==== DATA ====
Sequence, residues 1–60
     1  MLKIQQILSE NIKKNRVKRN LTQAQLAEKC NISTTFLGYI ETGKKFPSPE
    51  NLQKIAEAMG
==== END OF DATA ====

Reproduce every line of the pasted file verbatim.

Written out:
Sequence, residues 1–60
     1  MLKIQQILSE NIKKNRVKRN LTQAQLAEKC NISTTFLGYI ETGKKFPSPE
    51  NLQKIAEAMG